Jeb Bush’s ‘act of love’ might be political suicide

     Former Florida Gov. Jeb Bush (Susan Walsh/AP Photo)

    Former Florida Gov. Jeb Bush (Susan Walsh/AP Photo)

    Jeb Bush, the Republican establishment’s great white hope, said Sunday that he’ll decide whether to run for president by the end of the year.

    But he also said stuff that could arguably nix his nomination prospects by the end of this week.

    He spoke kindly about illegal immigrants. Oh dear. In today’s nativist right-wing Republican party, that’s like soaking yourself with gas and flicking a match.

    Appearing at a 25th anniversary bash of his dad’s presidential tenure, here’s what Jeb said (I’ve bold-faced key lines):

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    I’m going to say this and it will be on tape, and so be it. The way I look at this is someone who comes to our country because they couldn’t come legally, they come to our country because their family’s dad who loves their children was worried that their children didn’t have food on the table, and they wanted to make sure their family was intact. And they crossed the border because they had no other means to work to be able to provide for their family. Yes, they broke the law, but it’s not a felony. It’s kind of – it’s a, it’s an act of love.

    It’s an act of commitment to your family. I honestly think that that is a different kind of crime that should be, there should be a price paid, but it shouldn’t be – it shouldn’t rile people up that people are actually coming to this country to provide for their families. And the idea that we’re not going to fix this with comprehensive reform ends up trapping these people, when they could make a great contribution for their own their families, but also for us. So I think we need to get beyond the harsh political rhetoric to a better place….

    We need to elect candidates that have a vision that is bigger and broader, and candidates that are organized around winning the election, not making a point….Can a candidate run with a hopeful, optimistic message…and not get back into the vortex of a mud fight?

    No, no, no. C’mon, Jeb. You can’t possibly win the Republican nomination by talking so humanely about illegal immigrants. A border crossing is “an act of love” and “an act of commitment” to one’s family? Conservatives who engage in “harsh political rhetoric” and who are drawn to “the vortex of a mud fight” should just knock it off? Try out those lines in a Republican primary debate, and you’ll get booed by the red-meat carnivores.

    Such was Rick Perry’s debate fate in 2011, when he tried to defend a Texas program that schools the kids of illegal immigrants. He told the boobirds: “If you saw that we should not educate children who have come into our state for no other reason than they’ve been brought here by no fault of their own, I don’t think you have a heart.” Whereupon the boobirds doubled down. Hard to see how Bush could avoid that vortex.

    In fact, we gotta wonder what Bush is up to. Maybe he really doesn’t want to run in ’16, and he figures that fatally inflaming the rabid right will ensure that he sits it out. Or maybe he really does want to run, and has deluded himself into believing that he can tame the right and move the GOP to the middle.

    The party establishment, worried about Chris Christie, is pining intensely for Bush. Former two-term swing state governor, reputedly the brainest member of his family, beneficiary of the family fundraising network, a purportedly worthy match for Hillary Clinton…he looks good on paper. But he’s been out of the game so long – his last race was in Florida 10 years ago – that it’s debatable whether he’s sufficiently hip to how much the game has changed. Heck, we’re well into the digital era, but he still thought that his Sunday remarks were being recorded “on tape.”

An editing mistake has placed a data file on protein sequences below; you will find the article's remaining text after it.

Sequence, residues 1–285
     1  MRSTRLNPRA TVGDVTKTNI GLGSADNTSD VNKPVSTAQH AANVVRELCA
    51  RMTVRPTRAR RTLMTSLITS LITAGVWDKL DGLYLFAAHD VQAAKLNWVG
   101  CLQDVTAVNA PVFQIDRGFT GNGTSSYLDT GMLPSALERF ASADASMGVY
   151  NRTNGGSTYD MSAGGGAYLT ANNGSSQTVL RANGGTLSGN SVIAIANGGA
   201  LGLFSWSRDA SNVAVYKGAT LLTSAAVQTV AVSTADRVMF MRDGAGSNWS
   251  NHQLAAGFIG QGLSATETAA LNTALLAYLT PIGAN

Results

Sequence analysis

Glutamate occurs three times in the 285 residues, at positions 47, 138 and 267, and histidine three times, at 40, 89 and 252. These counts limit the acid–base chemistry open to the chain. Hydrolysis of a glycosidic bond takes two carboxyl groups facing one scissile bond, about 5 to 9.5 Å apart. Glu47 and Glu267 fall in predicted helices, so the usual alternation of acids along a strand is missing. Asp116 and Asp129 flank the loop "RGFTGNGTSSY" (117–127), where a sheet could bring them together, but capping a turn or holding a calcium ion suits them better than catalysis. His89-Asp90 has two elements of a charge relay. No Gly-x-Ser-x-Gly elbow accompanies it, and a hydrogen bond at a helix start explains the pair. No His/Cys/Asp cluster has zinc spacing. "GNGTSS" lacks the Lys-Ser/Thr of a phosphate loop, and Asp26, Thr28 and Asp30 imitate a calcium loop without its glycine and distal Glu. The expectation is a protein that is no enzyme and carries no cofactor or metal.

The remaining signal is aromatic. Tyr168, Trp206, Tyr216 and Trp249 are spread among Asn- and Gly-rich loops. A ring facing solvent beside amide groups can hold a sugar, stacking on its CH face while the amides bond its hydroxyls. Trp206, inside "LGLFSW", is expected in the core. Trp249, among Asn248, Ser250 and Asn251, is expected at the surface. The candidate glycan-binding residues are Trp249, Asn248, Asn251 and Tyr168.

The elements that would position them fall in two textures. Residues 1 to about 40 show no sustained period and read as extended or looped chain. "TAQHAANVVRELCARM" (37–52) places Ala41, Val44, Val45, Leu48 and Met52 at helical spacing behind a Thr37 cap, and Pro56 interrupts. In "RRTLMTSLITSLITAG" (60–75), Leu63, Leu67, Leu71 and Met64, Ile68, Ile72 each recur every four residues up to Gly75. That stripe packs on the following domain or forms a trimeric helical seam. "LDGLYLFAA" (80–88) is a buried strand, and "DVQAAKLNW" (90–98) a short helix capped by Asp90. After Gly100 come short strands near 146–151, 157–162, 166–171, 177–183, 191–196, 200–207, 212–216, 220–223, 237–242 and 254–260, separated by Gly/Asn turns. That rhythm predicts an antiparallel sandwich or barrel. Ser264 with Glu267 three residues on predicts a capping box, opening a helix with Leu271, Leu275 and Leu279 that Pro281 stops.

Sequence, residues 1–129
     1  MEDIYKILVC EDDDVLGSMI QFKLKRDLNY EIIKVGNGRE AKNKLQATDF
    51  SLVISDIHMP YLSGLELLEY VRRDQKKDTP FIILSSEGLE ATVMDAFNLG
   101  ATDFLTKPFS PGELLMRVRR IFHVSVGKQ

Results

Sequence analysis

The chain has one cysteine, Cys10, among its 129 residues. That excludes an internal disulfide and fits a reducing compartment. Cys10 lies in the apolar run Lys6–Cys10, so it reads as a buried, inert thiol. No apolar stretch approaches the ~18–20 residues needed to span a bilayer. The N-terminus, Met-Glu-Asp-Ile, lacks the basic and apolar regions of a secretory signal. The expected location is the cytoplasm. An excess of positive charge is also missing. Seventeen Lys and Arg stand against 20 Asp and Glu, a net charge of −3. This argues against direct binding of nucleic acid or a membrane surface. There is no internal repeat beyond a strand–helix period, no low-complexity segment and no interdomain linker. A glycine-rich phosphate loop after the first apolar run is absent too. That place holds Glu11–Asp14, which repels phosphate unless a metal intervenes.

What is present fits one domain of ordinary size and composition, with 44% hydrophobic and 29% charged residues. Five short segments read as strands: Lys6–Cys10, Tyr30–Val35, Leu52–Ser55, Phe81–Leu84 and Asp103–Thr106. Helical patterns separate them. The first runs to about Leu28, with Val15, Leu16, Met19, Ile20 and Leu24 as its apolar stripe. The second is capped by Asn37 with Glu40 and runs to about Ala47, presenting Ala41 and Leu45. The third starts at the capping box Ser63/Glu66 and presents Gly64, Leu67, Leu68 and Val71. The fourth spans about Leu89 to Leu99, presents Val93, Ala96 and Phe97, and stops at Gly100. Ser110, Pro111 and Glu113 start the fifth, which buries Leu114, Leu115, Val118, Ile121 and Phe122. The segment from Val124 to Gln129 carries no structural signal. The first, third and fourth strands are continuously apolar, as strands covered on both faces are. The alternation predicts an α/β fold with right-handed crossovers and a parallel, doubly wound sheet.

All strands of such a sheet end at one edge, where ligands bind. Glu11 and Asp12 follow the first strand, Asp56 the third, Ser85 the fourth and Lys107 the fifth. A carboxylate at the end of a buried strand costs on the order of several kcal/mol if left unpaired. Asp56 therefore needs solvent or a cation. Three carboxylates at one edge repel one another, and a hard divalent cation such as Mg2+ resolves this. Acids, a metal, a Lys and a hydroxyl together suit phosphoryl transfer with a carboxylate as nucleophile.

And his benign remarks about illegal immigrants…wow. In the GOP, that kind of compassion is so 14 years ago.

    That’s when brother George ran for president, championed immigration reform, and spoke the language of inclusion. Of course, we all know what happened. Bush’s path-to-citizenship bill crashed in Congress, circa ’06, courtesy of a right-wing uprising. The hostile vibes in The Base have only gotten worse, and it is now de rigueur for any aspiring Republican pol to knuckle under – as evidenced most recently by Mitt “self-deporation” Romney.

    Sure enough, conservatives have gone bonkers over Bush’s “act of love” line. A blogger at, declares: “Logic like this is why RINOs should never get elected.” Yup, Bush is denounced as a Republican In Name Only, which says more about The Base than it says about Bush. The guy hails from a family with longstanding Republican credentials – dating back to at least 1947, when Bush’s grandfather was a Republican finance chairman – but such lineage means squat if you violate today’s Rightthink.

    Elsewhere, Jim Geraghty at National Review Online says Bush is “either not in touch with the mood of the conservative grassroots, or he’s willfully at odds with the conservative grassroots.” He says that “Jeb’s going to have to be very careful” if he continues to speak kindly about illegal immigrations. He says that Bush is engaging in “demonization” of the conservative grassroots, even though “it’s far from a nutty perspective to think, and contend, that everybody who entered the country illegally should be deported.”

    Geraghty asks, “Hey, Jeb, how about an ‘act of love’ for the grassroots?'” But that kind of groveling has distanced the GOP from the American mainstream, and helped ensure five popular vote defeats in the last six presidential elections. Rest assured, Jeb doesn’t want to be the guy who makes it six for seven. He’d rather stay idle than grovel.

    Follow me on Twitter, @dickpolman1


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